Sony universal TV remote with hex codes shown for each button
Fig. 3: Sony Remote Codes
Remote codes will be different depending on what sort of remote you want to use, but it shouldn't be too hard to figure out which codes you will need if you just use the IRrecvDemo and make a note of the buttons and their corresponding codes.


Display

Now that we've taken care of user input and connection to the speakers, the last important bit is the volume display. I acquired a four character seven-seg display, and instead of a dedicated controller I just wired it directly to the Arduino. I had exactly enough pins left to wire it up, after leaving digital pins 0 and 1 for serial to the computer, and two analog pins I'd wired up to input switches (which don't do anything anymore, after I remembered that I had an entire TV remote full of buttons to use). For the display update/refresh timing, I used the Timer1 library available on the Arduino Playground wiki. This worked out perfectly, because the IR receiver code utilizes Timer 2. Following that all I had to do was wire up the 3 headphone wires to a new 3.5mm jack and throw everything in a box. It ended up being a fairly ugly box, but that's not really the point of this project so it's OK.


Resources

Schematic
Fig. 4: Schematic
The 220-ohm resistor on the IR Receiver might not actually be necessary; I've seen it implemented with and without. It works fine with it, though. Another interesting note is that I was typing the schematic up in the font Futura and the last thing I added was the picture from the back of the RadioShack box. Turns out they used essentially the same font, though all the text you see I actually re-typed because the picture quality wasn't that great (as you can see on the image of the module).

I don't have any CAD schematics or a circuit board layout because I basically just put this together as I went.  Future plans include putting together a PCB with the right connector so you don't have to tear apart the control pod end of the 9-pin cable. Also a nice box, two 3.5mm jacks, etc.

You may notice in the pictures that the "Vs" pin on the IR Receiver appears to be connected to the "AREF" signal. I actually clipped that leg off the proto shield and wired that pin to the resistor to 5V, because it was an otherwise perfect spot with the GND and Pin 13 right there.

Datasheets (Google Drive)

Arduino Code (Google Drive)
Arduino Code (Pastebin)
A note about the Arduino code:
"As of Arduino 1.0, the [Wire] library inherits from the Stream functions, making it consistent with other read/write libraries. Because of this, send() and receive() have been replaced with read() and write()." - Arduino - Wire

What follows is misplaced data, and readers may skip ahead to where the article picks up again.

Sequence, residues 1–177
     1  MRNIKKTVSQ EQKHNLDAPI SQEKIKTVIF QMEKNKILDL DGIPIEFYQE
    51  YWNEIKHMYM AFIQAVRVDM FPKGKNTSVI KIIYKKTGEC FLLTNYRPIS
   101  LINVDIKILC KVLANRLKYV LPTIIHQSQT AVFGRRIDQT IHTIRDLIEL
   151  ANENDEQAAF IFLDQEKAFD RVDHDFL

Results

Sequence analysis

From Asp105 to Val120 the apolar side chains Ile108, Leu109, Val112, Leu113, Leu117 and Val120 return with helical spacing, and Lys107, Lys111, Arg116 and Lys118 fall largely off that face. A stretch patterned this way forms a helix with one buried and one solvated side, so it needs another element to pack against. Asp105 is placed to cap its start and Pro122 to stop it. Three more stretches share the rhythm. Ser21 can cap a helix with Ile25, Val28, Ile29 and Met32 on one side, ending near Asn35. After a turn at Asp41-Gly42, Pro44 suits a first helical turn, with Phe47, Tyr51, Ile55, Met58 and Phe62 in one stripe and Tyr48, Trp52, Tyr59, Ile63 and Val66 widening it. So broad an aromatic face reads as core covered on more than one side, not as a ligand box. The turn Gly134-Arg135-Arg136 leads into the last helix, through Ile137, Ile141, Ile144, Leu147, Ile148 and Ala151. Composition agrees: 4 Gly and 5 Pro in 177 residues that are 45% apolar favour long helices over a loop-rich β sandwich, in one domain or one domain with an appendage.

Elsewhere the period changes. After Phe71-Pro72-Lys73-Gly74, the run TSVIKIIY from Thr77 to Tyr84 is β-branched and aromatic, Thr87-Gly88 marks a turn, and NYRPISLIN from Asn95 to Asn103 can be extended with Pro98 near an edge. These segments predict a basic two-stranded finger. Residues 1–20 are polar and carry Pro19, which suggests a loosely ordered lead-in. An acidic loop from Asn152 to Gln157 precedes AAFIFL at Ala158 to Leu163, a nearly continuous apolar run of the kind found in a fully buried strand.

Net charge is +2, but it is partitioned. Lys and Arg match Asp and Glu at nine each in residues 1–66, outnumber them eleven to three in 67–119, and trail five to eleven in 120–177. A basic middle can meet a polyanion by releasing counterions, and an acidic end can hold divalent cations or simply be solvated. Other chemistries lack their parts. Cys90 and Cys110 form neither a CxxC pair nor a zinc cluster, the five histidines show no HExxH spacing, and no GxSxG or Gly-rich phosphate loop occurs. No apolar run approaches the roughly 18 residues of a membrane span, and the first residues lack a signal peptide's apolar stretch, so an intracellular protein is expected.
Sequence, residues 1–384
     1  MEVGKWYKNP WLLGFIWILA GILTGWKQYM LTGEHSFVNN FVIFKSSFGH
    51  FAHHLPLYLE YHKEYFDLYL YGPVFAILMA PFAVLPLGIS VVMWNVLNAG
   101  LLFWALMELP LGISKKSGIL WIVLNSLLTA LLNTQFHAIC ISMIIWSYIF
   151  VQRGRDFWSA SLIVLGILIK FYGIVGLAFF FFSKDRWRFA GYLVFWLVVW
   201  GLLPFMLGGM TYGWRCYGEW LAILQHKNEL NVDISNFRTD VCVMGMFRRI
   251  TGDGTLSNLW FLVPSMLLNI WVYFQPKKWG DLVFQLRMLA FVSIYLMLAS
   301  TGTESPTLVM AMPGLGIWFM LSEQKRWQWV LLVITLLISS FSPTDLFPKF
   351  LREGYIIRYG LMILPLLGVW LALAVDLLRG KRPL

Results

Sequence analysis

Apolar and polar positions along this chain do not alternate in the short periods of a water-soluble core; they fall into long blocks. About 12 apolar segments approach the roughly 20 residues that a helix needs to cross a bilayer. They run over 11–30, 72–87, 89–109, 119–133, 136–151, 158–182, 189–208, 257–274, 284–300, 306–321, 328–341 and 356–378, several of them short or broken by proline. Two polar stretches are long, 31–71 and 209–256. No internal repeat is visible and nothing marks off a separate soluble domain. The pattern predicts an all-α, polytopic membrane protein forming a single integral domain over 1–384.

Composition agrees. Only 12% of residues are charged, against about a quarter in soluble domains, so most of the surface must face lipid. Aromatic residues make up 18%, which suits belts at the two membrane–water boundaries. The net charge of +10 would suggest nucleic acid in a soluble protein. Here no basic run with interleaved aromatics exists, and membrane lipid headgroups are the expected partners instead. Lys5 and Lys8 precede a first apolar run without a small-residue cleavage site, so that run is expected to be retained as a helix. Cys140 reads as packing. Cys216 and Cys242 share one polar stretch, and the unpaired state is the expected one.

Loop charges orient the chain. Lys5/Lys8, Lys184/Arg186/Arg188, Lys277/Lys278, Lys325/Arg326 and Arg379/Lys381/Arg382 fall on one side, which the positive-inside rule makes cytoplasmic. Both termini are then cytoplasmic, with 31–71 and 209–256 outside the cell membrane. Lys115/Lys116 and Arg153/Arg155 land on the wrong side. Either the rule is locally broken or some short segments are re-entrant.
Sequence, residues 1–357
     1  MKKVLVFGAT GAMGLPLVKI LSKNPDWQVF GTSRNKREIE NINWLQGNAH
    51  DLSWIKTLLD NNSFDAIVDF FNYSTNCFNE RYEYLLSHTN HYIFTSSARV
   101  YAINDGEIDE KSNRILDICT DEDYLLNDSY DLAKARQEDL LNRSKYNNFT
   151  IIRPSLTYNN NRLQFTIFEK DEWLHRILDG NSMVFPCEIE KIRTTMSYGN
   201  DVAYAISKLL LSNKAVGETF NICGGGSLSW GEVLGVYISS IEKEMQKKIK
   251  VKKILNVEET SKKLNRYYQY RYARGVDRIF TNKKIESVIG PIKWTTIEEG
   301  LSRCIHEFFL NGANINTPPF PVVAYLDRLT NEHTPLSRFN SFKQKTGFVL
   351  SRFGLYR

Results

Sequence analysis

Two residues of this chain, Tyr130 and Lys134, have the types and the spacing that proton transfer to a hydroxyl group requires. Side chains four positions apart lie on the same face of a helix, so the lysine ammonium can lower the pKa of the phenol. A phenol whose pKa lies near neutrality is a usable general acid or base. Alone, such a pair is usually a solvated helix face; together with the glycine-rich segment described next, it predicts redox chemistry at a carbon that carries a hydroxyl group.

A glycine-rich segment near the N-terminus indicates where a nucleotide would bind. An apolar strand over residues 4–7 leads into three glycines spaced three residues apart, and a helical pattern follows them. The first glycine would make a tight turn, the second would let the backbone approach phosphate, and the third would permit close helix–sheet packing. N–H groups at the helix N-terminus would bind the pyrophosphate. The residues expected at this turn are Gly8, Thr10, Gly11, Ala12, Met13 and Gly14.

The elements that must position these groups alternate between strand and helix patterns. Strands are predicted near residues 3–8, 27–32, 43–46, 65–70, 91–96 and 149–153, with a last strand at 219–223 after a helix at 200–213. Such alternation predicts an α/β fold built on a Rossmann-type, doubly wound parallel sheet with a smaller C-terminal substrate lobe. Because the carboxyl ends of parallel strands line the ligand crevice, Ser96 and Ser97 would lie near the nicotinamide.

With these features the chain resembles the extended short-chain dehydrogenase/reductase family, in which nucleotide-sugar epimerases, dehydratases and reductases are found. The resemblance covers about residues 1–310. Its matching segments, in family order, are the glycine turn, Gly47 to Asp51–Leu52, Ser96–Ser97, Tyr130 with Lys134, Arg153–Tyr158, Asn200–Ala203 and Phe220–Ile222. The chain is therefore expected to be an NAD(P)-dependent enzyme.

I wrote this in Arduino 1.0, so make sure you're upgraded.

Pictures



Created with Admarket's flickrSLiDR.

6 comments:

  1. Nice work!

    If you are interested you can also take a look at my design that was published a month ago.. They are very much alike :)

    http://neoxy-yx.blogspot.com/2012/04/51-amplifier-system-redesign.html

    Did you have any problem with communicating with the PT2258? I had some unknown issues and had to send volume command twice to accept it.

    Keep on the good work!

    ReplyDelete
  2. Wow, nice project, looks quite a bit more involved than mine. The only problem I had with the PT2258 was that Arduino wants the 7-bit I2C address, and the PT2258 datasheet gives you the address as 8-bit (because you never need to read from it) so I kept getting NACK on my address send. Somehow I had completely overlooked that and couldn't figure out why my Arduino was sending 0x10 instead of 0x88. I showed it to somebody else who instantly spotted my problem (and I felt pretty dumb). Once I dealt with that though everything worked great.
    I did see that the datasheet recommends sending a Clear Register command [0xC0] on startup, which I didn't do because from what I saw the Klipsch box didn't do it, but that might be worth trying.

    ReplyDelete
  3. Yes, 7-bit addressing confused me to. But then I red the library info (address/2) solved my problem. I will definetly try the 0xc0 command when I will have some spare time and see if this solves my problem with double data sending.

    Currently I'm working on a new temperature/humidity regulator project with web server and multiple expansion ports based od Mega 2560.

    I will follow your blog in hope to see more of your future projects, if you are planning them :)

    ReplyDelete
  4. Awesome work! I've owned the 5.1 Ultras for years, repaired the amp once, and always wished the control pod had an IR remote. I'm definitely going to be trying this, but I don't have any experience with Arduino.

    ReplyDelete
  5. would you be willing to make a replacement unit if I fronted the costs?

    ReplyDelete